Neuroscience

Leg exercise is critical to brain and nervous system health

Groundbreaking research shows that neurological health depends as much on signals sent by the body's large, leg muscles to the brain as it does on directives from the brain to the muscles. Published today in Frontiers in ...

Medications

FDA approves $2M medicine, most expensive ever

U.S. regulators have approved the most expensive medicine ever, for a rare disorder that destroys a baby's muscle control and kills nearly all of those with the most common type of the disease within a couple of years.

Parkinson's & Movement disorders

Study says life span normal when Parkinson's does not affect thinking

In the past, researchers believed that Parkinson's disease did not affect life expectancy. But recent studies showed a somewhat shorter life span. Now a new study suggests that when the disease does not affect thinking skills ...

Parkinson's & Movement disorders

Single protein causes Parkinson's disease and multiple system atrophy

Several neurodegenerative disorders are caused by aggregates of a single protein known as alpha-synuclein. In collaboration with CNRS and the University of Antwerp, KU Leuven neurobiologists have discovered that the shape ...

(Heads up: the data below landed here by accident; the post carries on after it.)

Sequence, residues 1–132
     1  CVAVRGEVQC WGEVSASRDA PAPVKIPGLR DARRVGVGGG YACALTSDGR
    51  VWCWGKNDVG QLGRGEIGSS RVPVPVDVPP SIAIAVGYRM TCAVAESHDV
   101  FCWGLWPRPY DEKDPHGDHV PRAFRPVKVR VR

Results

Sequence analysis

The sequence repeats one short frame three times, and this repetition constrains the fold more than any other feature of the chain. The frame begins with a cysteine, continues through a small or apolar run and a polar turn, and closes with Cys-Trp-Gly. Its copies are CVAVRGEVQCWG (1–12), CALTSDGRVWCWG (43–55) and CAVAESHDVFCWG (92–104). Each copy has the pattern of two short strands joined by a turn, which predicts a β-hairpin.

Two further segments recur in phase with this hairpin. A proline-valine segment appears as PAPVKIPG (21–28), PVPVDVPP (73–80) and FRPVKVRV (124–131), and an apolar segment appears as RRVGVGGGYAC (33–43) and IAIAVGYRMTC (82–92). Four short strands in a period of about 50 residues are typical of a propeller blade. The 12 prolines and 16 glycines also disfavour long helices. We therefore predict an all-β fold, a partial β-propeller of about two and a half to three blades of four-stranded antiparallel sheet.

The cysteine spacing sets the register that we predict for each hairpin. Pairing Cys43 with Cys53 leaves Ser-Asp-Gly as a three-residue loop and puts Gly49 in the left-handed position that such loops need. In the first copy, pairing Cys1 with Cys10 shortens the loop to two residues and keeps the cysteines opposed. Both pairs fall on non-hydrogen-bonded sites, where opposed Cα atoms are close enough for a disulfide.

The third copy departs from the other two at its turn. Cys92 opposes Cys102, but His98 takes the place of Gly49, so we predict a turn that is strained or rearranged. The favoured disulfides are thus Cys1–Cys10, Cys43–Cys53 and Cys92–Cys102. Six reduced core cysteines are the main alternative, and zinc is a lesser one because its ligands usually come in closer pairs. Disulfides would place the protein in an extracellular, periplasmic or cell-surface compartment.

Neuroscience

Hope for new treatment for Huntington's disease

Researchers working at Karolinska Institutet in Sweden and University of Southern Denmark have managed to produce short synthetic DNA analogues – oligonucleotides – that bind directly to the gene that is mutated in Huntington's ...

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Atrophy

Atrophy is the partial or complete wasting away of a part of the body. Causes of atrophy include poor nourishment, poor circulation, loss of hormonal support, loss of nerve supply to the target organ, disuse or lack of exercise or disease intrinsic to the tissue itself. Hormonal and nerve inputs that maintain an organ or body part are referred to as trophic.

Atrophy is a general physiological process of reabsorption and breakdown of tissues, involving apoptosis on a cellular level. When it occurs as a result of disease or loss of trophic support due to other disease, it is termed pathological atrophy, although it can be a part of normal body development and homeostasis as well.

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